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Russia-Ukraine: Where is God in war? | Love Digest

Julian Paparella

Thursday, March 10, 2022

Photo by Tina Hartung on Unsplash
The eyes of the world are fixed on Ukraine. Our hearts turn to our fellow human beings under brutal attack. Terrible tragedies like this beg the question: Where is God?
Though it is difficult to grasp, God is not absent. God is there. God is weeping. God is on the side of those who suffer and hears their cry. Our God is not fair-weather or disconnected. He does not live in faraway palaces or luxury yachts. God is in the midst of suffering, at the very heart of the traumas and tragedies of the world.
There is no doubt that God accompanies the Ukrainian families that are forced to flee and separate. God mourns over the many lifeless corpses that leave us numb. At the same time, God gives courage to the people of Russia who dare to protest in the face of cruelty, risking their freedom to say no to war. God works to move negotiations forward on the path to peace. God inspires journalists and camera operators who put their lives on the line to capture the reality of what people are going through.
History shows us that it is often in the most crushing darkness that God shines the most radiant light. We can think of the dark cell of St. Maximilian Kolbe in Auschwitz, sacrificing himself to save the life of his fellow prisoner. In the heart of horror, God responds by shining a ray of love.
The modus operandi of God is not simply to observe the suffering of the world as an indifferent bystander. God makes Himself close. He Himself tells us: “Do not fear, for I am with you, do not be afraid, for I am your God; I will strengthen you, I will help you” (Isaiah 41:10). His faithfulness is not extinguished by the darkness of the world: “When you pass through the waters, I will be with you; and through the rivers, they shall not overwhelm you; when you walk through fire you shall not be burned, and the flame shall not consume you” (Isaiah 43:2). God opens a way even where there is none. The life that God gives us conquers even death itself.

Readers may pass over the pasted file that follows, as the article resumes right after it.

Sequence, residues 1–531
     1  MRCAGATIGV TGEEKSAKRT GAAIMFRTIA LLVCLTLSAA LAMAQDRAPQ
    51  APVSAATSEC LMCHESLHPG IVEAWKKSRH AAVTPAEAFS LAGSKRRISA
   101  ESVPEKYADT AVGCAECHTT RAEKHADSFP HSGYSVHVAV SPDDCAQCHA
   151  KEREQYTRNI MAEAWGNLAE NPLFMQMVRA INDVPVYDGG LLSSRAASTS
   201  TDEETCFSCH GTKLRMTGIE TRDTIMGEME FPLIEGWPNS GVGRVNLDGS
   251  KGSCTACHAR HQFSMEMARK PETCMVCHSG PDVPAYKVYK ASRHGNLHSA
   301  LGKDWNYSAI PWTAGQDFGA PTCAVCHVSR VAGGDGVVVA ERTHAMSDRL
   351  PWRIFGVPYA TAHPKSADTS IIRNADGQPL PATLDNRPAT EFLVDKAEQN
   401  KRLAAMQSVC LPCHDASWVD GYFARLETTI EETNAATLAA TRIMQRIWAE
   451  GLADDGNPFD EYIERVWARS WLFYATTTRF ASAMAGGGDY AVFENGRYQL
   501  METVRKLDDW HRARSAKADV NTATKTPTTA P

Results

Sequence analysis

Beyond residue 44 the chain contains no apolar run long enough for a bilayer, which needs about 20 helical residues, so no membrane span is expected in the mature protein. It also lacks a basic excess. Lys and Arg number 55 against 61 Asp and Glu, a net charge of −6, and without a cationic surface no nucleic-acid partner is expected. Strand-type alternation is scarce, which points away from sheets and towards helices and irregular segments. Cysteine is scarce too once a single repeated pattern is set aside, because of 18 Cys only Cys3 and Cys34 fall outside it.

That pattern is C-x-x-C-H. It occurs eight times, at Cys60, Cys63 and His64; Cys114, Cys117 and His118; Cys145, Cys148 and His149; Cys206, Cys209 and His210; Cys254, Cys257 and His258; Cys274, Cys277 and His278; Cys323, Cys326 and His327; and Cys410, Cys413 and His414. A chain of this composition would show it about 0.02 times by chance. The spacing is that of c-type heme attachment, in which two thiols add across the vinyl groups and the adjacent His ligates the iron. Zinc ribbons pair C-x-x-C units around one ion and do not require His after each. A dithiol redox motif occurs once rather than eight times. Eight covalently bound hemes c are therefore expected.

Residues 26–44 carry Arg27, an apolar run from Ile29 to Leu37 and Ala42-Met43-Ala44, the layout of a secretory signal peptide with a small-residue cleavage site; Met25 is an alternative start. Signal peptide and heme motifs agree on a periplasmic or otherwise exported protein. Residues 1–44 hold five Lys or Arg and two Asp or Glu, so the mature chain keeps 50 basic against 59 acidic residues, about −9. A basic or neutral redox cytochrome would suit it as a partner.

Indeed, God so desires to be close to us that He becomes human, suffers as we do, and shares our death. This was on the mind and heart of Cardinal Michael Czerny as he headed to Ukraine on behalf of Pope Francis and all Christians: “Being close to his people, to his children who suffer, is the way that God has chosen to enter into the history of the world, even at the cost of ending up on the cross.” The Creator of the universe was born as a persecuted baby under a ruthless regime of oppression. The Holy Family was forced to flee their homeland, threatened by the bloodthirsty King Herod. Christ was put to death under the flag of the Roman empire. Jesus declared the persecuted “blessed” (Matthew 5:10-11). The victory of the resurrection opens a path of life even in the grip of death.
Here and now, the Risen Jesus comes to redeem even the most helpless situations. Jesus does not take up weapons. His weapon is love. Christ does not massacre our enemies. He changes hearts. The path of Christ passes through our desire for a better tomorrow and a more united world. The peace of Christ leads us to true freedom, far greater than the mere absence of oppression.
“Rivers of blood and tears are flowing in Ukraine.” There are not only human tears: God’s tears mix with ours. The blood being shed is not only that of soldiers and civilians but also the blood of Christ that comes to redeem our deepest misery and suffering.
Jesus carries the cross of the Ukrainian people with them. He calls us to do the same. Will we be Simon of Cyrene to the men, women, and children of Ukraine – by our prayers, our solidarity, and our financial and material support? God is with them, and He wants to come to their aid through you and me. Let us dare to be an “unarmed army, committed to rebuilding that humanity which weapons try to destroy”.
Jesus, by the Blood of Your Cross, heal the wounds of those who suffer. Make Your peace take root in hardened hearts to end the horror of war. Mary, Queen of Ukraine, Queen of Peace, pray for our Ukrainian brothers and sisters!
 
Julian would be happy to hear from you, with any questions, insights, or suggestions you may have regarding this blog series. He can be reached at jpaparella@saltandlighttv.org.


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